Data processing system
A data processing system for supporting a virtual memory is disclosed. Prior to the start of main memory write operation, a processor checks to see if a store buffer has a vacant area to store data to be written into a main memory to execute a current instruction. If a page fault occurs during the main memory write operation, the processor continues to store the subsequent write data for the current instruction and the corresponding virtual or logical addresses in the store buffer to complete execution of the current instruction.
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The present invention relates to a data processing system for supporting a virtual memory, and more particularly to page fault processing.
Page fault processing is carried out when an accessed address is not contained in a main memory.
In page fault processing, a resumption of instruction execution after the page fault is particularly complex to implement.
When the page fault occurs during the execution of the instruction, it is desirable to resume the execution from the point at which the page fault has occurred. To this end, it is necessary to save the contents of work registers and flip-flops used in the hardware unit, carry out the page fault processing and reload the saved contents before the execution of the instruction is resumed. However, this system includes many problems because many informations are included and they differ from machine to machine.
Accordingly, the following approaches have been usually used to process the page fault.
In a first approach, an address associated with an instruction is first checked before actually accessing the memory to see if a page fault will occur and then the instruction execution is begun. This approach is simple but has the disadvantage of long execution time because the addresses of every instruction have to be checked prior to beginning the execution of the instruction.
In a second approach which is disclosed in an article entitled "16-bit microprocessor enters virtual memory domain", Electronics, Apr. 24, 1980, the input data of the instructions is retained and reloaded when a page fault occurs and the execution of the instruction is to be resumed. This approach needs a special bus and an increased overhead to retain the input data.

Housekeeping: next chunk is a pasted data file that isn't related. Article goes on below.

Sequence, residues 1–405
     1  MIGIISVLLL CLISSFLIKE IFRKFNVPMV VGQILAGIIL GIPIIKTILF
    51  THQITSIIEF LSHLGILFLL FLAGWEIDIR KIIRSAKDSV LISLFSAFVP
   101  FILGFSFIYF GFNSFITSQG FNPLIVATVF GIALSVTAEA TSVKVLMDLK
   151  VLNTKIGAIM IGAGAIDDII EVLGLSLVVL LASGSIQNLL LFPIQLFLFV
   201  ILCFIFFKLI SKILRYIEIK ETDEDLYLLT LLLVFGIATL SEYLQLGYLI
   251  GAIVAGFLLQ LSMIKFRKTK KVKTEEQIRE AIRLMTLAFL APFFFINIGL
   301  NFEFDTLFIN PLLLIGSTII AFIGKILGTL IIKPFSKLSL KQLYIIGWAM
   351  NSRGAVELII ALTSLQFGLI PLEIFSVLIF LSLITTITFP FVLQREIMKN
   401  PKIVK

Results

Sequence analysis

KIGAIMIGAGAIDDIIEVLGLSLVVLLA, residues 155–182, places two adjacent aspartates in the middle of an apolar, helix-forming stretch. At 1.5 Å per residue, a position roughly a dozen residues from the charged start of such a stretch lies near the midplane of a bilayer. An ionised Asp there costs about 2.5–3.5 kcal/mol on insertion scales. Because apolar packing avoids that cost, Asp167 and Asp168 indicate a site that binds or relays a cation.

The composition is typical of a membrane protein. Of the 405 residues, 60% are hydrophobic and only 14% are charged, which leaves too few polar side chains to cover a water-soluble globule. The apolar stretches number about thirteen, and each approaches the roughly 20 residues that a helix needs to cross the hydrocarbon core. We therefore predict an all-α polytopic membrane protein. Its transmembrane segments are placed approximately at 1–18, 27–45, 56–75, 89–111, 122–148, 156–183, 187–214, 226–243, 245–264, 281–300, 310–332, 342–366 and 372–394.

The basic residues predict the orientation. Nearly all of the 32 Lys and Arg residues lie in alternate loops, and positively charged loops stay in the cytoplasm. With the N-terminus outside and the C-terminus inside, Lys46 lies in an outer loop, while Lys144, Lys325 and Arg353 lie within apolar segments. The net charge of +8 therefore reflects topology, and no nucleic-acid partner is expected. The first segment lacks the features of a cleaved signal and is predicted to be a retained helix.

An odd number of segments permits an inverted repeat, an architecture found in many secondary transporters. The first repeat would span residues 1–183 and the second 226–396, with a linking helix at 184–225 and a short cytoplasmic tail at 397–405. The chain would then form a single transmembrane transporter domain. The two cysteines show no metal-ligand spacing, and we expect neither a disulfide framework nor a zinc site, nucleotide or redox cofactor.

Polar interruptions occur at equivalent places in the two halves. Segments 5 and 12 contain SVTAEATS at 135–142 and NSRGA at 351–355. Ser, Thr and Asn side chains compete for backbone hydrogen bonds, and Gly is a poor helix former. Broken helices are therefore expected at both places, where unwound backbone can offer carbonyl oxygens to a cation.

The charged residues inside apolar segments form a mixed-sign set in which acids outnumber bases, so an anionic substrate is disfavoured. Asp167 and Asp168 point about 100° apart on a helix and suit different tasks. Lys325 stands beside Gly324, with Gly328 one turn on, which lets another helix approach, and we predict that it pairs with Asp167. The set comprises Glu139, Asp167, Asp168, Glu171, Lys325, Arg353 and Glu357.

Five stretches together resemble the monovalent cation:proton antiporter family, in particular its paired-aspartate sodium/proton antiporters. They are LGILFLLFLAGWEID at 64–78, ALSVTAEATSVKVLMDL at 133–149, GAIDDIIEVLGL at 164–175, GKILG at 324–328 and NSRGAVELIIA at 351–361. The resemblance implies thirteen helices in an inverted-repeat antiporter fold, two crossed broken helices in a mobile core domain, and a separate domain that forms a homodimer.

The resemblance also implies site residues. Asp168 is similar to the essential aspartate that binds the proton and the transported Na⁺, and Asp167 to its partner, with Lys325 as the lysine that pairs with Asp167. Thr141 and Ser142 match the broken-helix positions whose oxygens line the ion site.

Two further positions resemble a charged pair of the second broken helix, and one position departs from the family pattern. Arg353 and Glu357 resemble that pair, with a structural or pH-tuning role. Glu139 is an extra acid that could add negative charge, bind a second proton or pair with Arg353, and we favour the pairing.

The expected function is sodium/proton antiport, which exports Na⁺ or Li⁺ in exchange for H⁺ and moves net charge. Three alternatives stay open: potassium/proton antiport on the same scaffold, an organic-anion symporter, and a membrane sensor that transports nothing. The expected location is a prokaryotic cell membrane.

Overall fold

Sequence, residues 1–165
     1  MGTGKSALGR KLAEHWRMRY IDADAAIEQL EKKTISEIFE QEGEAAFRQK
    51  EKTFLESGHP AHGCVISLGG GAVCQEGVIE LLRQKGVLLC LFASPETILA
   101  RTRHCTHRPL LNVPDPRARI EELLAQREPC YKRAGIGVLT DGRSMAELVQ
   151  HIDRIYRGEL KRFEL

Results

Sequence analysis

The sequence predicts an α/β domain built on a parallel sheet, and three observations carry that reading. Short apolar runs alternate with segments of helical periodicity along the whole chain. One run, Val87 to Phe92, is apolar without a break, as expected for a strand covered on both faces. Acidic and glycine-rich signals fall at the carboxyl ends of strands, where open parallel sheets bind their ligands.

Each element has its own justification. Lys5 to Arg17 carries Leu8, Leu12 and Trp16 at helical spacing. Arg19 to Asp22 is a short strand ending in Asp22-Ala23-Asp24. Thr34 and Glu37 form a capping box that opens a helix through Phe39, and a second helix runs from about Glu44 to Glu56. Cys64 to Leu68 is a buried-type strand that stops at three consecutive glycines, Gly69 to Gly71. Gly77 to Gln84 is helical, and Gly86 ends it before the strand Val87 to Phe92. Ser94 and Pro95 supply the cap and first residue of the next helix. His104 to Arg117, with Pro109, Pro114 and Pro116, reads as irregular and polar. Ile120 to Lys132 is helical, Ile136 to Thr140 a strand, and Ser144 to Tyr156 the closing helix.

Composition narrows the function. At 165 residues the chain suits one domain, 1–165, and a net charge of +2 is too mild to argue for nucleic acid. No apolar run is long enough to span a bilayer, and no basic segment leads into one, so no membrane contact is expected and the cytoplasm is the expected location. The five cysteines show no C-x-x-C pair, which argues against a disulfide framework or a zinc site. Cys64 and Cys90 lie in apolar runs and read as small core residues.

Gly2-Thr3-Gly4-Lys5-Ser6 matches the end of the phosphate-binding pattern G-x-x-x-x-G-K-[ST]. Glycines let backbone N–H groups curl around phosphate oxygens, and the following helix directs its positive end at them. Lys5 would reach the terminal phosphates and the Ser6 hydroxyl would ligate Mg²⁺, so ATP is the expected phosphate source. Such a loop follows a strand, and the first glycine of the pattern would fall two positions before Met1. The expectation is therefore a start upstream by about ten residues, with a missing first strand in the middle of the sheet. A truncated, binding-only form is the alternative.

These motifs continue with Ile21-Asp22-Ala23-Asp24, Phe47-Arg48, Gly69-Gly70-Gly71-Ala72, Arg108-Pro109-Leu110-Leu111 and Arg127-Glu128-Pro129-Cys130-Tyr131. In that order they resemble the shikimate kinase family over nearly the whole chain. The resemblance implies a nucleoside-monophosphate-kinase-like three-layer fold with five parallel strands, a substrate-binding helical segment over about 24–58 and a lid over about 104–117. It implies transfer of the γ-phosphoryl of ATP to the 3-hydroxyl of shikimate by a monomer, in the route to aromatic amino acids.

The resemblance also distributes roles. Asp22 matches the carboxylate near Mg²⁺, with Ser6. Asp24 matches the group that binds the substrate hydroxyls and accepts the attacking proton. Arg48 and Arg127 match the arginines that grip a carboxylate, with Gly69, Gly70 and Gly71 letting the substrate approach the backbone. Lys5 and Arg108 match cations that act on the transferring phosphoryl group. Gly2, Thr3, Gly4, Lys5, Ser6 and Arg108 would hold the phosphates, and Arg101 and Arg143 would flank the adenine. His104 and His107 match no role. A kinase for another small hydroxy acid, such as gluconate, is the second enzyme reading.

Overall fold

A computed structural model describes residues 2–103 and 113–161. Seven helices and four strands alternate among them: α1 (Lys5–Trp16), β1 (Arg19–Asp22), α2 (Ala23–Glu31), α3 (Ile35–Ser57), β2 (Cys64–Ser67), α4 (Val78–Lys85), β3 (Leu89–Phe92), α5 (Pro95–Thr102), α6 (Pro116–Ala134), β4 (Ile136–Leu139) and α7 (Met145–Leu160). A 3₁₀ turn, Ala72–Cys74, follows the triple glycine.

An undesirable characteristic which is common to both of the above approaches is that the overhead increases even when a page fault does not occur.
It is a recent trend to use high class language oriented high function instructions in a new architecture computer and to execute the various functions at a high speed by using microprograms. In such a system, it is possible for the programmer who is not familiar with a detailed operation of the hardware to write the microprograms. In the above-mentioned approaches, the programmer must write the microprograms while giving attention to the possible occurrence of the page fault. Accordingly, the chance of error is high.SUMMARY OF THE INVENTION
It is an object of the present invention to provide a data processing system which can execute instructions at a high speed without increasing the overhead required in a process to support the page fault processing.
In accordance with a feature of the present invention, it has been noted that in executing an instruction, data is read first from a memory and then a write operation follows. It is first checked to see if a buffer has a sufficient vacant area to store the data to be written into the memory in executing the instruction, before the initiation of the write operation to the memory, and if a page fault occurs during the write operation to the memory, the subsequent unit data required by the instruction and the corresponding virtual or logical addresses are stored in the buffer.